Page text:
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Historic St. John Hospital in Gary faces wrecking ball

Gary plans to demolish the long-abandoned St. John Hospital, which served the city's African-American community during the segregation era.

Another storied chapter in Region history faces demolition.

The city of Gary plans to raze the long-abandoned St. John's Hospital, which was built in 1929 during an era of segregation to serve the city's black community at a time when they were not welcome at "white hospitals." The decrepit hospital building at 22nd Avenue and Massachusetts Street in Midtown had been vacant since it closed in 1950, and was repeatedly named one of Indiana's most endangered buildings by Indiana Landmarks in recent years.

Gary Mayor Karen Freeman-Wilson said the long-decaying structure was so badly deteriorated that razing it was necessary for safety, since it could potentially collapse.

"No matter how many basketball courts you have in the city, kids want to play somewhere dangerous," she said.

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The city aims to tear down St. John this year, but will try to salvage some of the facade and establish a historic marker to recognize the site's significance, she said.

The roof and part of the second floor of the red-brick building have caved in. Brick is crumbled. Windows are broken and crammed with wooden debris. Overgrowth of trees and shrubbery have been swallowing up what's left of the structure.

"Unfortunately St. John Hospital is in a state that is beyond repair and any efforts to save it would be more appropriately considered a reconstruction," Northwest Indiana Landmarks Director Brad Miller said. "With a building as integral to the identity of Midtown, I do not think that precludes it from preservation efforts, but tragically local efforts never received the extra boost required to get the building stabilized."

St. John Hospital played a crucial role in the city's early days during the 20th century, employing black doctors and nurses to treat the city's black community before hospitals started treating everyone, Miller said.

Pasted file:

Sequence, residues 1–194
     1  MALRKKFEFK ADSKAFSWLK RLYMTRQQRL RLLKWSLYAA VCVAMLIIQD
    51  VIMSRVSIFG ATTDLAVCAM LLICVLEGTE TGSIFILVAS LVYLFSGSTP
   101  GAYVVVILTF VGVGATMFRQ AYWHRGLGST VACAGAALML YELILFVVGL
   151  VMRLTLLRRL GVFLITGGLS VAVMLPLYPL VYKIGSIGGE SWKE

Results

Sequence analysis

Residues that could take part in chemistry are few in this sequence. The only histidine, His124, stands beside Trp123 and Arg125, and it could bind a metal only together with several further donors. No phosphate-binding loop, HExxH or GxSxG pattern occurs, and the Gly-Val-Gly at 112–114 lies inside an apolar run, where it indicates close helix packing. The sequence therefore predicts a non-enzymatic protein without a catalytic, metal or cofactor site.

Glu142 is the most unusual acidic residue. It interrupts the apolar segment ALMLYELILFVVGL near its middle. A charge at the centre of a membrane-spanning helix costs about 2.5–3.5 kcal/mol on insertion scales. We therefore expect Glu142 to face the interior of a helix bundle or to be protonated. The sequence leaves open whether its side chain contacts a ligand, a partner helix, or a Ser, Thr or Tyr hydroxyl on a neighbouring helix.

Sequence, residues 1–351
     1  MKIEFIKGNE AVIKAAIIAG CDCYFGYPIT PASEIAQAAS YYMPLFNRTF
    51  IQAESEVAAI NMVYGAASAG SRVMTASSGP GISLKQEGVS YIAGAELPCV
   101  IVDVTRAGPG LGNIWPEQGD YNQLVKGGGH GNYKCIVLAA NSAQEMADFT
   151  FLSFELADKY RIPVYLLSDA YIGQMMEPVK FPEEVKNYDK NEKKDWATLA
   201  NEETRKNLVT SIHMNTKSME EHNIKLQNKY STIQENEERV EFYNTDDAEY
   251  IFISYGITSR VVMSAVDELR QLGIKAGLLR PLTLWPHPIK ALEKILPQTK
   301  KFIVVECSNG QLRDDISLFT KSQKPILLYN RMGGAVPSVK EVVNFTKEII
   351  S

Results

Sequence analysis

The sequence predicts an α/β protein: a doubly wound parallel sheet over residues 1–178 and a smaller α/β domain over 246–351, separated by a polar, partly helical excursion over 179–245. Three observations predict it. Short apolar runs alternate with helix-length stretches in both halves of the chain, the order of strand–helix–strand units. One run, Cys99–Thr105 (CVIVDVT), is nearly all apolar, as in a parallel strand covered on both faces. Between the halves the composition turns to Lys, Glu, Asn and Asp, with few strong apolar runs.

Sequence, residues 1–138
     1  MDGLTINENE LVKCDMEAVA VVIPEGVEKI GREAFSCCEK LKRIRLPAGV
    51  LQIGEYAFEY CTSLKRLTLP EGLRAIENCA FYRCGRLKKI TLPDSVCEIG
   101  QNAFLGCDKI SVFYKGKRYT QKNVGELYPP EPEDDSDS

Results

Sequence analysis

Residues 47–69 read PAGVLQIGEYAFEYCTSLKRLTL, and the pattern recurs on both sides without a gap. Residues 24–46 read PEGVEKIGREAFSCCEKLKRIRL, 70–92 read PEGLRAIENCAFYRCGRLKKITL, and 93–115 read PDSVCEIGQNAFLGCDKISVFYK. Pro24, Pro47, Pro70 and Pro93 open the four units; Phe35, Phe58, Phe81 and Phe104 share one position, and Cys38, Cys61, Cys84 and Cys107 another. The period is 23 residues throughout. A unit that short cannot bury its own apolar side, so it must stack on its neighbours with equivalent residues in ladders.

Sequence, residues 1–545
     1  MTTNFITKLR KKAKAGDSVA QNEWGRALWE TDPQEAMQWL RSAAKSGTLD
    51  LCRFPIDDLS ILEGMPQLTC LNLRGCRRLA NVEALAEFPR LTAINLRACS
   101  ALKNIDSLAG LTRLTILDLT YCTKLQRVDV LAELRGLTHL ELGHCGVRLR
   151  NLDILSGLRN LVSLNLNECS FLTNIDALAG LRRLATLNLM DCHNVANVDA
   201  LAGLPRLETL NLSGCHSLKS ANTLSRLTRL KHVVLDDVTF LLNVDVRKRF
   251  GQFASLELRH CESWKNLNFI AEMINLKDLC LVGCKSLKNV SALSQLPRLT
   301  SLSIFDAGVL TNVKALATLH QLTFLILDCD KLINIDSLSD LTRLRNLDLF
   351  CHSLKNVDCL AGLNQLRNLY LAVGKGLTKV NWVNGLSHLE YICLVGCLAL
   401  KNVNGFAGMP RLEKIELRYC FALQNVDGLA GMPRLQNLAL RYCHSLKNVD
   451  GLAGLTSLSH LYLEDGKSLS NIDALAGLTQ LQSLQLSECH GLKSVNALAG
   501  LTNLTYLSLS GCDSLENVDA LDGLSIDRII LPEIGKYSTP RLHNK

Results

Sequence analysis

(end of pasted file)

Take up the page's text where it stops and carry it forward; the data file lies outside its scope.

"It’s amazing when you talk with residents about St. John, because they or family members were literally born there and it’s more powerful when you put that into the context of why it had to exist separate of the city’s primary hospitals because of the racist and segregationist practices that characterized the times," Miller said. "African-American institutions like St. John were part necessity but also part pride in taking care of their own community and offering the medical care every human deserves."

Gary showcased the hospital one last time over the Gary Preservation Tour over the weekend, highlighting how it was also known as the McMitchell Hospital and how it was designed by William Wilson Cooke in the Prairie style with prominent arches.

"The fate of St. John's Hospital is deeply sad," said Claire Nowak-Boyd, an urban planner and former executive director of Preservation Detroit. "Its story is about people taking care of their community and building a proud institution in the face of terrible exclusion. It is also quite rare to find a building of this age that had an architect of color. St. John's Hospital is very special."

Many similar structures have been lost around the country.

"Black history sites can face stiff preservation odds," Nowak-Boyd said. "In many places, historically black areas have been either demolished by urban renewal or drained by decades of ongoing redlining. The community's restricted access to property ownership, loans, and insurance means that buildings with some of the most incredible stories may have relatively humble appearances. They are nonetheless highly significant and important."

Preservation is underfunded everywhere, and Northwest Indiana is no exception, Nowak-Boyd said. It's too late now, but the hospital could have been repurposed at some point, she said.

"Buildings in redlined neighborhoods within redlined cities face an even steeper battle," she said. "I know Gary has many things on its plate, and that the recession took a serious bite out of municipal finances. That said, it would have been amazing for someone to take this on and to create something for a neighborhood that could use more retail activity and community space. St. John's Hospital could have lived again."

 

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Business Reporter

Joseph S. Pete is a Lisagor Award-winning business reporter who covers steel, industry, unions, the ports, retail, banking and more. The Indiana University grad has been with The Times since 2013 and blogs about craft beer, culture and the military.